Judge Christopher Kulik used to be untraceable, until he was discovered surfing the Internet for paper and rulers.
Our review of Untraceable (Blu-Ray), published May 15th, 2008, is also available.
How do you stop a killer who can get to you virtually anywhere?
The Amazon.com plot synopsis amusingly refers to Untraceable as a cross between The Net and Saw…and that pretty much sums it up. Released quietly in January, the film only made $28 million at the box office. The film is now available on DVD courtesy of Sony, though is it really much more than another serial killer thriller?
Facts of the Case
Special FBI agent Jennifer Marsh (Diane Lane, Must Love Dogs) works for a cybercrime unit in rainy Portland, Oregon. With the assistance of her younger partner, Griffin Dowd (Colin Hanks, Orange County), their mission is to track down and capture criminals who use the Internet to carry out their evil deeds. Their newest case turns out to be the most disturbing they have ever encountered: a serial killer (played by Joseph Cross, Flags Of Our Fathers) is torturing victims on the Internet, then using a live feed where the more hits his site gets, the quicker they will die. Even though they discover the killer is a local resident, finding him turns out to be easier said than done, considering the fact he is "untraceable."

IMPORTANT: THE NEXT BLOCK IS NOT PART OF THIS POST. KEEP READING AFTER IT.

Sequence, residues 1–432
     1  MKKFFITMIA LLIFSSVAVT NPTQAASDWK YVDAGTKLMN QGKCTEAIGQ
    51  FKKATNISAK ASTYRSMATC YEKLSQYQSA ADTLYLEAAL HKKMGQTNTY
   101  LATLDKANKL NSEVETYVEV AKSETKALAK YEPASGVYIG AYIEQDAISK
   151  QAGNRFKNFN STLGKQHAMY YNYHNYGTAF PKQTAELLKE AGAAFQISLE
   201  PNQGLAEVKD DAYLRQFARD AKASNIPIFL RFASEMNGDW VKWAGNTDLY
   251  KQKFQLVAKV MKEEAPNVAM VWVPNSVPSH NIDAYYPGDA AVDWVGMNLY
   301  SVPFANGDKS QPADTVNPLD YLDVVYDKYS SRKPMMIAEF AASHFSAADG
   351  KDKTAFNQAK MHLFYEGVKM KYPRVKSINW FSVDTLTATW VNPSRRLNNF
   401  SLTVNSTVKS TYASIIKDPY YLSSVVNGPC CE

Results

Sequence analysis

(Non-Spoiler footnote: the killer is revealed early on, though his motives remain unknown until later in the film.)
All thrillers nowadays—particularly ones dealing with serial killers—seem to have fallen prey to a predictable pattern. The killer is insane, the spree is started, the authorities begin to investigate, clues begin to surface as to the killer's identity and location, the hero begins to lose patience and experience fear, the villain gets more serious and crafty, etc., etc. And, of course, they are incomplete without a final showdown between the hero and the villain. Untraceable mostly, if modestly, remains faithful to that template, as it yields few surprises.
The idea of a serial killer using the Internet to conduct acts of torture is admittedly intriguing, though it stretches believability a bit too much. For one thing, it emphasizes the killer as being much more intelligent and tech-savvy than an entire FBI unit. As a matter of fact, Untraceable makes the killer more than a mastermind, but a literal super-genius…and he's only 20 years old! Naturally, the film doesn't bother to explain how he got so smart, where he gets his funds, or what his true motivations are when it eventually comes to toying with the FBI.